Safaris remain popular among international visitors.

Last year, South Africa attracted 10.2 million international visitors*, 2.3% less than the 10.9 million visitors received in 2018. Revenue generated by international visitors also dropped 1.6% to R81.2 billion (€4.17bn).

This is according to the South African Tourism Performance Report 2019, sent to Tourism Update today (June 25) by South African Tourism. The report includes additional insights from Euromonitor, the World Travel and Tourism Council and the United Nations World Tourism Organization. (See the methodology below.)

“We will continue to focus our attention on improving international arrivals and, although the COVID-19 pandemic has grounded all international travel for the moment, we will work tirelessly to improve on our performance,” said SA Tourism CEO, Sisa Ntshona.

He pointed out that South Africa was a “very lucrative shopping destination”, as tourists believed the pricing and variety of merchandise was good. “Although there was a reduction of 5.3% in the total shopping spend in 2019, it is still the biggest sector where tourists visiting SA spend their money.”

The report highlighted that the average number of nights spent in South Africa also declined, from 12 nights recorded in 2018 to 11 nights last year. Furthermore, the geographic spread dropped, with fewer tourists visiting more than one province. This decreased from 20.3% in 2018 to 19.5% in 2019.

Gauteng, Limpopo, Western Cape and Mpumalanga were the most-visited provinces.

Other report highlights included:

  • One in five (17.3%) of the international tourists that visited South Africa were first-time visitors, while the remaining 82.7% were repeat visitors.
  •  Six out of 10 of the tourists who visited South Africa were below the age of 34 years.

*An international visitor is defined as one who stays at least one night in collective or private accommodation in the country visited.

Survey Methodology

  • This report is based on the systems and methodologies that were developed and applied from 2001. In 2002, South African Tourism extended the survey of departing foreign tourists at OR Tambo International Airport from a summer and winter survey to a survey conducted throughout the year.
  • In 2003, the coverage was extended to Cape Town International Airport as well as monthly surveys of the largest segment of foreign arrivals, i.e. land border arrivals. The Departure Survey measures the travel behaviour of foreign tourists as they leave South Africa from both land and airports of entry (the number of people arriving by sea is negligible, and hence travel by sea is not included in the survey).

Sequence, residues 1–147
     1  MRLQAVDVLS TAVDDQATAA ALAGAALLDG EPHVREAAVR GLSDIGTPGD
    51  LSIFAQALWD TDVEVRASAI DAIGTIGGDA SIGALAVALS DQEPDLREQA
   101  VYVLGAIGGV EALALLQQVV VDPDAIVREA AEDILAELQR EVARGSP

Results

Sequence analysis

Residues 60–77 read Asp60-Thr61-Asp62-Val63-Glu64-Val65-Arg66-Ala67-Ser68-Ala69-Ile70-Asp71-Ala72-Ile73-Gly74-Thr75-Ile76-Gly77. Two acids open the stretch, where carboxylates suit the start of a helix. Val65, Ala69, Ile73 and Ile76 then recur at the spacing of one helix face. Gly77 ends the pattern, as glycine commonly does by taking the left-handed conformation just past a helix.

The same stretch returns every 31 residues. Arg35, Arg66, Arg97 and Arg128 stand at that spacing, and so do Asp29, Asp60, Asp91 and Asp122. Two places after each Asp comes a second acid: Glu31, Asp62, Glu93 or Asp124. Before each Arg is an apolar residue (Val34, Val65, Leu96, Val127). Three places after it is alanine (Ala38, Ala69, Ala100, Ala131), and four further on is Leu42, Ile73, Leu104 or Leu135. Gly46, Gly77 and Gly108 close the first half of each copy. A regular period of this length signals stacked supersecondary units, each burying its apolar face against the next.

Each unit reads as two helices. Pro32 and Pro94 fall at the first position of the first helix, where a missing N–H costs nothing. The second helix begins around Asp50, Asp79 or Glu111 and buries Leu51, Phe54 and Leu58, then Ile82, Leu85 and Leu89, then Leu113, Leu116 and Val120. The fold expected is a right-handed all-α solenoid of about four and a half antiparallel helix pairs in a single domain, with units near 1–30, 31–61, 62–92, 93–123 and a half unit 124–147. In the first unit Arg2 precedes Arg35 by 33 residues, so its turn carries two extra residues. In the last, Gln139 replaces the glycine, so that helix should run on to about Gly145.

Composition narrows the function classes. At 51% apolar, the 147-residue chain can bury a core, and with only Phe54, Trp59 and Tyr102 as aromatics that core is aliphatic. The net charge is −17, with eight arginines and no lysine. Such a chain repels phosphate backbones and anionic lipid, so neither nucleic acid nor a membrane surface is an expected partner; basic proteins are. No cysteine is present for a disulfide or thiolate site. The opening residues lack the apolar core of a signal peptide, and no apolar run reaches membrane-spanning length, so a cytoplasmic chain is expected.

• As it is not feasible to interview every tourist leaving the country, SA Tourism designed a random stratified sampling framework of n = 3 800 per month at the airports and n = 1 000 per month at the land border posts). This is derived from the Statistics South Africa tourist arrivals data, which is representative of the tourist arrival universe.
  • The sample is drawn to be representative of the population at a margin of error of 1.6% for the airport monthly sample and 3.1% for the land border monthly sample at a confidence interval (95%).
  • The results are subsequently statistically weighted up to the tourist arrivals by air and road as released by StatsSA, in a given time period. This allows continuous tracking into expenditure patterns, accommodation usage, travel behaviour, experiences, buying-process and travel patterns.

SA Tourism disclaimer:

The research (SIA) unit makes every effort to publish reports that are error-free. However, with the large number of complex records that are analysed, we cannot guarantee that all reports are totally free of error. All errors that are detected are immediately corrected.

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